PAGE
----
Using the information I gave, the chatbot suggested the patient could have coronary artery disease or myocardial infarction. It then suggested several investigations, such as an ECG and blood tests, to determine the cause of the patient’s chest pain. It even suggested possible treatment options, such as lifestyle modifications, prescription medication, and a referral to a cardiologist in case of a serious heart condition.

So, what does this mean? Will ChatGPT come for the jobs of our doctors and nurses?

Probably not, but they may start hearing “That’s what I read on ChatGPT” a lot more often, as patients use it to learn more about and diagnose their conditions. According to Dr. Santana, the tool will accelerate the performance of doctors, as the tool’s capacity to synthesize and interpret medical information can help healthcare providers save valuable time and afford to care for more patients.

Medical education

While ChatGPT is raising concerns about plagiarism and cheating, it can still be used in several ways to improve the quality of education for medical students. Here are a few examples:

  1. Generating case scenarios. Like the example I walked through in the above section, the chatbot can generate case studies and scenarios to help medical students improve their diagnostic and treatment-planning abilities. This not only has the potential to help students develop their clinical reasoning skills but can also prepare them for real-world clinical scenarios.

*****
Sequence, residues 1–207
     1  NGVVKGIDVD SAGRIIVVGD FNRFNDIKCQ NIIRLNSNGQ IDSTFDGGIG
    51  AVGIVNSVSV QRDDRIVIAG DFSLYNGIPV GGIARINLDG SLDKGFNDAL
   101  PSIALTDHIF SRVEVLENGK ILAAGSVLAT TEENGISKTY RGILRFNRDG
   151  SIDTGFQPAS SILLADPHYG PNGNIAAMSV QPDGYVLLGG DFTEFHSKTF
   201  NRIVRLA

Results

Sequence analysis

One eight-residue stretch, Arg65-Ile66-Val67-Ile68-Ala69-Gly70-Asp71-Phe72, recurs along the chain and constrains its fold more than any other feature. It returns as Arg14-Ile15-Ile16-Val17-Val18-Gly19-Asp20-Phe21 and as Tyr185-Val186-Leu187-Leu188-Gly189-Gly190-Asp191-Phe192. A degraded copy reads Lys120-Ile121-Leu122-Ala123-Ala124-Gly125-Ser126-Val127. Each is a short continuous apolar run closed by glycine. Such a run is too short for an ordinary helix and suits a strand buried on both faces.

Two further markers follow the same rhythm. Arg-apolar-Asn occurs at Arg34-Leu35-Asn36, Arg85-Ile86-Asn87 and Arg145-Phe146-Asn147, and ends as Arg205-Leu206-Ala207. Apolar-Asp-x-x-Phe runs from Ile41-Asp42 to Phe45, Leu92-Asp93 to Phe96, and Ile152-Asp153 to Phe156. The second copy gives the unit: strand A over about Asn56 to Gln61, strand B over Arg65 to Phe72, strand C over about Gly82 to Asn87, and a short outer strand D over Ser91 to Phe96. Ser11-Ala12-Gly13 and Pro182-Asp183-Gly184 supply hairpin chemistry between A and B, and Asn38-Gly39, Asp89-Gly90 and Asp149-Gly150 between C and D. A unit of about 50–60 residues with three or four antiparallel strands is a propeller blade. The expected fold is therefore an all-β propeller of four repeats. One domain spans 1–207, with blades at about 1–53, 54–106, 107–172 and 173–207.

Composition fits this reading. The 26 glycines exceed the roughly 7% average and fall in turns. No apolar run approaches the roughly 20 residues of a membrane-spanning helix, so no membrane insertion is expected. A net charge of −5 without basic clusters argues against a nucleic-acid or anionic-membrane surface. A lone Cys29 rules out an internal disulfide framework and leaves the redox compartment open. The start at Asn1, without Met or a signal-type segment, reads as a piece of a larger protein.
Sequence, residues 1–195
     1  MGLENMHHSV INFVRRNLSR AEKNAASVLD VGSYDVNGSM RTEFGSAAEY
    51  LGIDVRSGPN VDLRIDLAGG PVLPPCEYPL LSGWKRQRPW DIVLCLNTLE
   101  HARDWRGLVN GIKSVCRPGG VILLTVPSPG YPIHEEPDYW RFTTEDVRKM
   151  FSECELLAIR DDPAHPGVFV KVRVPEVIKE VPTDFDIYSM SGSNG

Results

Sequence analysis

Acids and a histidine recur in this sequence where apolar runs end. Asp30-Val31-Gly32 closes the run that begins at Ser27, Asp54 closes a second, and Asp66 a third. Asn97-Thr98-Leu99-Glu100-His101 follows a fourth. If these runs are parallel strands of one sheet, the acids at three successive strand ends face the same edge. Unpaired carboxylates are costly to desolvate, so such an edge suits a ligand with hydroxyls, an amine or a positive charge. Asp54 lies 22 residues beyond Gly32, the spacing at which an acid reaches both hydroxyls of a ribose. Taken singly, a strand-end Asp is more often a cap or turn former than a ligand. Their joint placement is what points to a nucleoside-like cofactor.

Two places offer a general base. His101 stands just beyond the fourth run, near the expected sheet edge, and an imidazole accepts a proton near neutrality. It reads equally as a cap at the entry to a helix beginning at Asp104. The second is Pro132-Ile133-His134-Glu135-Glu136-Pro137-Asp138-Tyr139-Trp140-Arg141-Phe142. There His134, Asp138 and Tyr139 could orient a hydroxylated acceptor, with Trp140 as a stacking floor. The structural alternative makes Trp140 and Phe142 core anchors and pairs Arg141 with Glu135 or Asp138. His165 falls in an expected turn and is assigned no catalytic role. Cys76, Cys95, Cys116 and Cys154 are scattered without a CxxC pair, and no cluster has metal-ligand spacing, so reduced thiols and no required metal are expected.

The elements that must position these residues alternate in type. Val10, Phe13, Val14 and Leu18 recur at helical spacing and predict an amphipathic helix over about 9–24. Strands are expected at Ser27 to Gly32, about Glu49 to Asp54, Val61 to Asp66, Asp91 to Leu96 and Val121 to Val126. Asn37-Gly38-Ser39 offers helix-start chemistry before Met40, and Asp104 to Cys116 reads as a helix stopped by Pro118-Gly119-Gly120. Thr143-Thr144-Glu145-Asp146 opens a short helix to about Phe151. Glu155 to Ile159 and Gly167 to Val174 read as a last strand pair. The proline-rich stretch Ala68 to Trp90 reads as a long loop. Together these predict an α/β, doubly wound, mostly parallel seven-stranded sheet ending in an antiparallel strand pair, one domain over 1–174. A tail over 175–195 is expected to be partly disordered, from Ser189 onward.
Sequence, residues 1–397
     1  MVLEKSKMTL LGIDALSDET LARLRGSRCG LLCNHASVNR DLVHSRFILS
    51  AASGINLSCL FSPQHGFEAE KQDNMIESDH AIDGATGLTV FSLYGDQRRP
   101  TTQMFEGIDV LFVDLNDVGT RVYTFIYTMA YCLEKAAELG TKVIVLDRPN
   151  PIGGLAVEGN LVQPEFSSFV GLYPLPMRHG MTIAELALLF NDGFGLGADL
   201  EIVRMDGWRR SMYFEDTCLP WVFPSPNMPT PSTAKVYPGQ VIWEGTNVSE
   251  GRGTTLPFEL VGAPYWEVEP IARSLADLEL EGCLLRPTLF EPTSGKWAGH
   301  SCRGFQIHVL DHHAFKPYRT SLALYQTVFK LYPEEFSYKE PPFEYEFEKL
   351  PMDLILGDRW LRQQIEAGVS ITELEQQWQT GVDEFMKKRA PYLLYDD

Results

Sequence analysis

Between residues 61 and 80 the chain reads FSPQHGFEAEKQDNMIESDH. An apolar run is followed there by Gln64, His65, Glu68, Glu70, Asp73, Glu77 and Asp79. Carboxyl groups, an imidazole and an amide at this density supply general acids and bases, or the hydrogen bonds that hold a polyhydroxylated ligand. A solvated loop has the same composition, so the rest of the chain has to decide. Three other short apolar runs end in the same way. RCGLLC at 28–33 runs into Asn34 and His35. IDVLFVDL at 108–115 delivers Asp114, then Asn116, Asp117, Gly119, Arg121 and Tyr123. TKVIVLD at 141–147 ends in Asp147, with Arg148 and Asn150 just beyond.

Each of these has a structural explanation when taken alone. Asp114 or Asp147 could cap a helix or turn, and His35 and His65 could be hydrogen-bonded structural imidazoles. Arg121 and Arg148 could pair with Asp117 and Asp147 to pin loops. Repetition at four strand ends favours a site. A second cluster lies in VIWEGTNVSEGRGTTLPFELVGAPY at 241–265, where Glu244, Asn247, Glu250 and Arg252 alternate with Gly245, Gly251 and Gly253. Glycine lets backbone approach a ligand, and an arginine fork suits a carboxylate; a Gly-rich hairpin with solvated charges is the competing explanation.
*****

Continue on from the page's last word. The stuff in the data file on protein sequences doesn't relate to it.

2. Teaching assistance. Instructors can use ChatGPT to generate exercises, quizzes, flashcards, and other materials to help students learn. With a few added prompts, it can even assess student papers and automate grading.
  3. Language translation. Not only can students and teachers use it to translate class materials into different languages, but it can also help future healthcare providers explain complex medical conditions and processes to patients in simpler terms.

ChatGPT can also assist both students and professionals with their medical research. It can quickly digest and analyze medical texts, clinical trials, research papers, and other sources of data. This can be used to generate summaries and highlight key findings. More interestingly, it can be used to identify patterns and trends, which could help researchers create new hypotheses and advance medical breakthroughs.